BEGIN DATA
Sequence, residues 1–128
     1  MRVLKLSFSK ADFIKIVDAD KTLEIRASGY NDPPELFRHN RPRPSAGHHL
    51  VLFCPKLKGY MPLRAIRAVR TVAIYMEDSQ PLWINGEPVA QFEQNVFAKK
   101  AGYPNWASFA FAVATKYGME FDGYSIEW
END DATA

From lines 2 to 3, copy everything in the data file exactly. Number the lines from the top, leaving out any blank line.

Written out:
     1  MRVLKLSFSK ADFIKIVDAD KTLEIRASGY NDPPELFRHN RPRPSAGHHL
    51  VLFCPKLKGY MPLRAIRAVR TVAIYMEDSQ PLWINGEPVA QFEQNVFAKK